Did You Know You Could Relieve Your Pain Without Harmful Drugs?
Long-term opioid consumption is not a good strategy for managing chronic pain. In addition to the risk of addiction, opioids simply alleviate the symptoms (pain) of a larger problem.
For very real, measurable improvement over chronic pain, physical therapy has been proven to be a much better option than opioids or other pharmaceutical painkillers.
If you are considering opioids for pain relief but would like to explore other options first, contact our office to talk with a physical therapist.
PT for long-lasting pain management
Researchers at Stanford University have shown that turning to physical therapy early on, as soon as a person is diagnosed with musculoskeletal pain, reduced the need for opioid pain prescriptions by 7 to 16 percent. Among patients who did require opioids for pain relief, the duration of using painkillers was reduced by as much as 10 percent.
Physical therapy helps patients to cure the source of the pain, rather than ignoring the source by dulling the pain.
If a patient suffers from arthritis or any other type of chronic pain, a physical therapist can teach that patient the proper ways to move and utilize key muscle groups so that the pain source does not worsen. Another goal of physical therapy will be to strengthen muscle groups that support aching or painful parts of the body, so that real healing can take place.
Your choice to pursue physical therapy will not be a quick solution to pain relief, in most cases. But your physical therapist will construct a customized plan that will produce measurable results in pain relief. Because the work will be geared toward curing the source of the pain, you can often eliminate the need for prescription painkillers or opioids.
Don’t let opioids take you down
Both opioid prescription rates and deaths from opioid overdoses have quadrupled in the last two decades. Given these identical statistics, one can’t escape the obvious conclusion: Reliance on painkillers has gotten out of hand, and the consequences can be literally fatal.
In a study published by the American Physical Therapy Association, titled “Beyond Opioids: How Physical Therapy Can Transform Pain Management and Improve Health,” this issue is exhaustively analyzed. It identifies three important waves of the opioid epidemic:
- “Increases in deaths involving prescription opioids starting in 1999
- Increases in deaths involving heroin starting in 2010
- Increases in deaths involving synthetic opioids since 2013”
Beyond extreme physical risk, over-reliance on prescription painkillers can have other detrimental effects on your health. Withdrawal symptoms can be harrowing. And while you’re still using them, opioids can lead to depression, which sets up a vicious cycle of self-medicating in order to feel better emotionally as well as physically.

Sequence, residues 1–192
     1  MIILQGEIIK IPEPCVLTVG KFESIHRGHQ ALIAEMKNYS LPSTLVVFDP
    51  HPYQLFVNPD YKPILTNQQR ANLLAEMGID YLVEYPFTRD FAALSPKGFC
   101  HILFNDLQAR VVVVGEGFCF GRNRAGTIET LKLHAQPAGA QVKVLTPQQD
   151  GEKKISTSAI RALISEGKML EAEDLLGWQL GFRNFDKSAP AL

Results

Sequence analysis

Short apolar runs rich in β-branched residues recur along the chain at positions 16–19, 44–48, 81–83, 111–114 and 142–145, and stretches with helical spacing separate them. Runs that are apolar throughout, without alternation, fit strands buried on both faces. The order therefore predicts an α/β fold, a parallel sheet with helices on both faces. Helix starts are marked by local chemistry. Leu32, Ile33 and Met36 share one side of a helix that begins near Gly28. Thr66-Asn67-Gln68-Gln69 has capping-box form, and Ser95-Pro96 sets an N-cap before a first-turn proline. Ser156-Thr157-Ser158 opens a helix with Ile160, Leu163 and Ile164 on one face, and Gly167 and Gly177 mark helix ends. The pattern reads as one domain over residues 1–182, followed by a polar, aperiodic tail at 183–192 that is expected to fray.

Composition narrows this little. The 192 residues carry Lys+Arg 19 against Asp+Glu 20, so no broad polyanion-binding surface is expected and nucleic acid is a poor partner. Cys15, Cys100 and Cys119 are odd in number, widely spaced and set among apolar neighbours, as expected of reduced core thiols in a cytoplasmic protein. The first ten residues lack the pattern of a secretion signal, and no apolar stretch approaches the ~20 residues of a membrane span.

The Centers for Disease Control offers some frightening statistics from opioid overuse in 2011:
- “Sales of prescription painkillers to pharmacies and providers had increased 300% since 1999
- In 2010, 12 million people ages 12 and older reported using prescription painkillers “non-medically”
- More than 40 people were dying each day from overdoses involving prescription opioids”
Fortunately, as the APTA study concludes, there is a safer alternative to opioid use: physical therapy. If you have been struggling with pain or discomfort, contact us today.
Opioids are not a long-lasting solution
The opioid epidemic in America has gotten so bad in recent years that the Centers for Disease Control and Prevention (CDC) is now recommending that patients explore alternative options for pain relief.
The CDC recommends that opioids now be considered as a “last option” for only the worst pain cases. Alternative and holistic pain relief methods, including physical therapy, are not as fast as opioids, but these methods do not carry the extreme risks of addiction and overdose.
It’s important that anyone suffering from pain should understand that opioids will not solve the underlying physical problem that is causing the pain. In fact, opioids can make the original problem even worse.
For example, suppose a person is suffering chronic pain several months after having shoulder surgery. The wound from surgery has long since healed, but the pain persists. If that patient relies on opioids to dull the pain, they run the risk of re-injuring their shoulder.
Pain is the way the body tells us that something is wrong. With opioids removing the pain, that patient might be using their shoulder muscles incorrectly and ultimately making the underlying problem worse.
If that same patient were to work with a physical therapist on pain relief, they stand a much better chance of eliminating the pain entirely. Their shoulder could be healed through physical therapy, manual therapy, proper exercise, body mechanics and posture work — all without turning to addictive opioid painkillers.
Relieve your pain today
If you suffer from chronic pain and want to know more about how physical therapy can help, call our office today to schedule your first appointment with a licensed physical therapist.